Other ideas for the heritage Mass included an essay contest for young people, workshops about cultural heritage and history, wearing African attire, and recording the event on audio or videotape. One participant suggested sharing the event with non-Catholics because a lot of black non-Catholics do not understand the role of black Catholics in the American church.
The second issue, reconciliation, was somewhat more controversial. Most people agreed, however, that healing will take a long time. Seabrook said she appreciated the apology but emphasized that Bishop Baker had nothing to do with past evils against African-Americans.
She emphasized that Bishop Baker’s taking the initiative to address these issues “speaks of his level of leadership.” One individual said that reconciliation should go past the African-American community and include other black ethnic groups such as Haitians.
Ella Harrison from St. Martin de Porres asked that Catholic schools teach African-American history, particularly African-American Catholic history.
Bishop Baker commented that most people are not aware of the contributions African-American have made to the United States. He also emphasized that priests need to learn more about black theology.
The last issue on the day’s agenda was the presence of Catholic churches and schools in African-American communities. Everyone agreed that the churches and schools should be kept open and active. When smaller parishes are merged into larger ones, the smaller ones lose their identity. Keeping the church in the community calls its members to reach past the neighborhood to evangelize.
Merritt told of growing up in an African-American community with a church and a school. Her life centered around church and school activities such as Girl Scouts throughout her grade school years. She said she felt very much a minority when she went on to an integrated high school.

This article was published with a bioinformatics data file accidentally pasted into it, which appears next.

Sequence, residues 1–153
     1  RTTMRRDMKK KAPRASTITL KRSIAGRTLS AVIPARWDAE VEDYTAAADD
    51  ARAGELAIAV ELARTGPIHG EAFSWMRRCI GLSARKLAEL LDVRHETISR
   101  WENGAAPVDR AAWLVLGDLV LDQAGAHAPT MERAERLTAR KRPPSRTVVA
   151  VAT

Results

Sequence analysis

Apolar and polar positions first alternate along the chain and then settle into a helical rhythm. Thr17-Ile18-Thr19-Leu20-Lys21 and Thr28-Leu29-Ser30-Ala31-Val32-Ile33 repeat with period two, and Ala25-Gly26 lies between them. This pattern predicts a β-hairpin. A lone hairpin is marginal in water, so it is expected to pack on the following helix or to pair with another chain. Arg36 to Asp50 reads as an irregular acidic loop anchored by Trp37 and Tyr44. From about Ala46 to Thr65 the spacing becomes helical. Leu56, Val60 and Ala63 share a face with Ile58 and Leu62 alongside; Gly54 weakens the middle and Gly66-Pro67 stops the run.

Sherman Earl Gaskins of St. Philip the Apostle in Lake City added that the church transforms itself to the population moving into a community. All churches were mission churches at some time.
“Don’t shut the doors because of the small population,” he said.
Frankey House of St. Martin de Porres said “Catholic schools and parishes are vital to the evangelization of African-Americans.” He noted that many participants in the meeting became Catholic because of the black Catholic schools. Otherwise, these children would go to the public schools.
Numerous individuals stressed that the diocese should be very careful when setting the criteria to close schools. Everybody agreed they did not want to see St. Jude’s closed.
As the meeting drew to a close, several participants reported on recent activities among the African-American Catholic community. Edith Benson of St. Martin de Porres is coordinating production of a black history video. People are needed to gather history for this children’s video, which will be narrated by a storyteller.
Charlotte House, also of St. Martin de Porres, shared news from the recent meeting of the National Black Catholic Congress. She stressed, “People without history are people without understanding of who they are.”
Bishop Baker had a few closing remarks. He stressed that no action has been taken on closing St. Jude, but acknowledged that many rumors exist. He also emphasized the need for a liaison at state government level to keep the diocese apprised about social justice issues. The issues discussed at the meeting were action items, and the bishop said plans include establishing a committee for each one.